By Emma Buchman

Opinion Editor

 

Looks like it’s Michelle Obama who’s in trouble this week. The first lady accompanied President Barack Obama to Saudi Arabia on Jan. 27 to greet the new Saudi King, Salman bin Abdul Aziz, and to pay respects to the former king, who died around Jan. 23. However, there was one thing that did not accompany the Obamas on their trip: a headscarf for the first lady.

Yes, the first lady arrived in Saudi Arabia, greeted Saudi officials, and paid respects to the deceased Saudi King, all while not wearing the headscarf that residential women in Saudi Arabia are required by law to wear. She has been criticized by both Americans and Saudis, and the subject was even a trending topic on Twitter. My question is: how big of a deal is this, really?

On the one hand, it is not a part of American culture for a woman to wear a headscarf in public. Though it would be polite to conform to Saudi culture by wearing a headscarf, the first lady had no cultural obligations to wear one. What’s more, Saudi law does not requires Westerners to wear a headscarf while visiting their country. On the other hand, it is a sign of respect towards one’s culture to show that you not only recognize his/her culture, but are willing to participate in it yourself. Though she didn’t wear a headscarf, Obama did pointedly stand somewhat behind her husband while greeting the Saudi officials, showing her cultural awareness.

Perhaps the main reason that people are so upset is because she chose the funeral of the former king to make a statement about human rights. Then again, should that even matter? If she had chosen this visit to wear the headscarf, it would have meant inconsistency the next time she goes, if she ever gets the chance to go again. The fact of the matter is that her wearing or not wearing a headscarf does not take away from her or her husband’s feelings towards the late king, nor does it impede her ability to pay the proper respect.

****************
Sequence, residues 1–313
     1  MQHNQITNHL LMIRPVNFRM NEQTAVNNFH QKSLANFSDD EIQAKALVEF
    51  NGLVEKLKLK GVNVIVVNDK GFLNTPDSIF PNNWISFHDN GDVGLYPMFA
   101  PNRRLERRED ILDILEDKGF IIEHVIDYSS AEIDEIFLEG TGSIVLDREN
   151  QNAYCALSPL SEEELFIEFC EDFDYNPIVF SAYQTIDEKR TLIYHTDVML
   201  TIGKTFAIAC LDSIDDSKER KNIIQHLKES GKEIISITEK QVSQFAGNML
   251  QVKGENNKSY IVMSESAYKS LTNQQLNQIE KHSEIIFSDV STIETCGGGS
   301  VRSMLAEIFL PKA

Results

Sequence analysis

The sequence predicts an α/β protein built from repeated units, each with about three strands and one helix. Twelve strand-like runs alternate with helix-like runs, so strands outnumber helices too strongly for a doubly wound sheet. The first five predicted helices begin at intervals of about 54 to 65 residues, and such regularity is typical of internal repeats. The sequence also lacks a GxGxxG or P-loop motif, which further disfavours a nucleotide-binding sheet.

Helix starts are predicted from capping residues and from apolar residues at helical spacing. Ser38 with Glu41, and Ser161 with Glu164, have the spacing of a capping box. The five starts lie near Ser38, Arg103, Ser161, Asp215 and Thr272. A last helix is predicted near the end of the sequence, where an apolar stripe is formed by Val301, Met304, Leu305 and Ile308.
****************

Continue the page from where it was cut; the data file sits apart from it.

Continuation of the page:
From the left, first lady Michelle Obama, President Barack Obama, and Saudi King Salman bin Abdul Aziz in a procession line upon their arrival in Saudi Arabia.

From the left, first lady Michelle Obama, President Barack Obama, and Saudi King Salman bin Abdul Aziz in a procession line upon their arrival in Saudi Arabia.

Journalist Andrew Marszal criticized Obama’s trip to Saudi Arabia in The Daily Telegraph. He said, “Hours before arriving in Riyadh, Obama spoke at length about the importance of women’s rights during an address in India, setting up a jarring contrast with his warm embrace of Saudi Arabia, a country where there are strict limits on women’s freedom.” Marszal also stated that this visit demonstrated the president’s willingness to sacrifice our value of human rights in order to ensure that Saudi Arabia continues to assist the US in the fight against terrorism. This is a moral dilemma, truly, obviously.

We need to set things on the grand stage. Some issues are more important to deal with than others. Some are equally important, but must be put on the back burner in order to focus on problems that need to be addressed immediately; set aside, but never forgotten. Human rights issues will always exist, and both Obamas need to continue to keep their stance against human rights violations in the public eye.

However, the threat of ISIS and their reign of terror across Iraq and Syria is a problem that cannot be ignored, and we must concentrate on that before the crisis gets even further out of hand. I don’t mean to come off as callous, but the president has to choose his battles as they come to him. Sometimes he makes mistakes, but he is the president. We have to trust that he will make the right decision (or we’re all screwed).

In the best-case scenario, Obama and the new king could continue to work together, fully aware of the other’s opinions, and to cooperate, maybe to the day where we can actually talk about their abuses against women like two civilized nations. Who knows, maybe this was the Obamas’ way of taking a stance against abuses of women in Saudi Arabia, without actually having to say it out loud. It appeared to make a big enough statement, anyhow.

I think that this “faux pas” is merely another tic on a long timeline of outrages against dignitaries in foreign countries. This incident was bound to happen, and as long as headscarves continue to have religious rather than cultural attachment to them, it is going to happen again when we go to Saudi Arabia.

The Elm

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